How to Stop Procrastinating Once and for All
You’ve probably heard of emotional eating as a way of coping with stress. But did you know that procrastination is another emotional strategy for dealing with stressful situations? Most of us think of procrastination as a sign of poor time-management skills, but science proves it’s really your mind’s way of coping with anxiety.
According to The Wall Street Journal, “Scientists define procrastination as the voluntary delay of an action despite foreseeable negative future consequences.” Have you ever been paralyzed with the feeling of wanting to do something so perfectly that you feel anxious about even getting started? We certainly have. Oftentimes we’ll do something “productive” like work out or grocery shop instead of doing the one thing we really should be doing. Researchers call this “moral compensation.”
One self-admitted procrastinator, office manager Ben Lockwood, says that his pattern of procrastinating fills him with self-loathing. “I think I’d rather tell someone I robbed a bank than tell them I procrastinate,” he tells the WSJ. We definitely understand the sense of shame that can come with procrastination. Research shows that people who are habitual procrastinators often have higher rates of depression and anxiety and poorer well-being.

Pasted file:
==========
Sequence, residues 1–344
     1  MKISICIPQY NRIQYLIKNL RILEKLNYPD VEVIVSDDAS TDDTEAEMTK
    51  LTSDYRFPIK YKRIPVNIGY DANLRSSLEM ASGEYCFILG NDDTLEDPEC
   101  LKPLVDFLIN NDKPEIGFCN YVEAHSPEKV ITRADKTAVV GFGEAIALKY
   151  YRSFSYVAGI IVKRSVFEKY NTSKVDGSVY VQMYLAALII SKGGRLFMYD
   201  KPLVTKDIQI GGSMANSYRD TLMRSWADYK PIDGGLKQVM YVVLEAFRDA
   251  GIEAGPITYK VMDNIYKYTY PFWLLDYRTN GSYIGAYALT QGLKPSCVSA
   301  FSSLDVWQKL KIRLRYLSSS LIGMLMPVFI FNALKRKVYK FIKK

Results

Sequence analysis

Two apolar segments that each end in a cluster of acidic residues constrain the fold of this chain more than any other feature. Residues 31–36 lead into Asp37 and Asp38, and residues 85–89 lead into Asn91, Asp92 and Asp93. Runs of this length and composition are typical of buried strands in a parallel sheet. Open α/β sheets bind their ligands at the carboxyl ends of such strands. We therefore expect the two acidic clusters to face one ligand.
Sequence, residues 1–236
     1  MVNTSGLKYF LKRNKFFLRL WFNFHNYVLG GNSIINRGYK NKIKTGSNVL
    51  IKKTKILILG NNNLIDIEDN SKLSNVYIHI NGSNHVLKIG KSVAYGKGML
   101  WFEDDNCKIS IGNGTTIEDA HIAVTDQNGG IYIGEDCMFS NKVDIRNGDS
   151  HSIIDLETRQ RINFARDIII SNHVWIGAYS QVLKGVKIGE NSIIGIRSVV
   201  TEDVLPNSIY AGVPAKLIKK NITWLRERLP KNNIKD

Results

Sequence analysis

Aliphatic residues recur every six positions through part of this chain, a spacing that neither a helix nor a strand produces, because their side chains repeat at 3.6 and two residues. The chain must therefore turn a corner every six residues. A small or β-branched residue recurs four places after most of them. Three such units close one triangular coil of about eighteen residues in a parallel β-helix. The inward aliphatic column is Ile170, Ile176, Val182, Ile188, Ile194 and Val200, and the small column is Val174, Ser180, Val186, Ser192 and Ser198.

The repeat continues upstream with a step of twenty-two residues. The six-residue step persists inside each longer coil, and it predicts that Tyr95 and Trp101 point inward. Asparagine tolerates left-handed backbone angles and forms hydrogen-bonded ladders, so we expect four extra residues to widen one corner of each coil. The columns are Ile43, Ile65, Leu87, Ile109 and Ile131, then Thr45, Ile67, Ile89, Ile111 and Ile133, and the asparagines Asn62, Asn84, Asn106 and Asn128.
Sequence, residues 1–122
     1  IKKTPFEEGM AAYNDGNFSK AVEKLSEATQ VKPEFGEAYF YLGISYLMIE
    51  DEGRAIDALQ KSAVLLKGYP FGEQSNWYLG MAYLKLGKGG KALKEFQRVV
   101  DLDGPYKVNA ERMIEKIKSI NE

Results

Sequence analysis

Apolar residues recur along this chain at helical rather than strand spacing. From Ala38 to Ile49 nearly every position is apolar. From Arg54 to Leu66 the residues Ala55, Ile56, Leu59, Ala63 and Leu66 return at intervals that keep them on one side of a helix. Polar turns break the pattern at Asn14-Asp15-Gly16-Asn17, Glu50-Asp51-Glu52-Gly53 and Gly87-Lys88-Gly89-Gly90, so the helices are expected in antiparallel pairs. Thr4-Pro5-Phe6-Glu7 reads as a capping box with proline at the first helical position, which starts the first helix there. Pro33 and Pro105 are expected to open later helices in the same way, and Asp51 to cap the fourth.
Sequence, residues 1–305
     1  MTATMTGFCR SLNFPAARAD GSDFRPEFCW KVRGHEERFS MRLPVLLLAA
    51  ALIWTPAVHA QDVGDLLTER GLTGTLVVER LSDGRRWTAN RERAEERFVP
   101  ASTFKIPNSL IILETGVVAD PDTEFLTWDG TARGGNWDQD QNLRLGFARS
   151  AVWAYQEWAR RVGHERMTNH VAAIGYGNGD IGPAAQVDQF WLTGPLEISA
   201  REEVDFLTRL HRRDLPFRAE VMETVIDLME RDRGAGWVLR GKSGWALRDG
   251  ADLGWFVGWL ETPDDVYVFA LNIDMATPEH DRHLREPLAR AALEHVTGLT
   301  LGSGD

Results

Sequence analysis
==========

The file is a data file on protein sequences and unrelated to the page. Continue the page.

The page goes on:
So how do we silence the shame and rid ourselves of the anxiety and psychological discomfort that come with procrastinating? Psychologists Dr. Fuschia Sirois and Dr. Timothy Pychyl are focusing on a short-term mood repair treatment as an anti-procrastination strategy. Step 1: Recognize your anxiety at the start of a project. Step 2: Don’t judge yourself for having that anxiety. Step 3: Take the first step, even if it scares you. “If you’re an occasional procrastinator, quit thinking about your feelings and get to the next task,” says Dr. Pychyl. “But if you’re a chronic procrastinator, you might need therapy to better understand your emotions and how you’re coping with them through avoidance.”
For more tips on how to understand and treat procrastination, read the original Wall Street Journal article.
Shop our favorite planners to avoid procrastinating when the next big project rolls around.
What do you think of procrastination as an emotional crutch as opposed to a time management skill? Share with us in the comments.
Opening photo: via The Fashion Law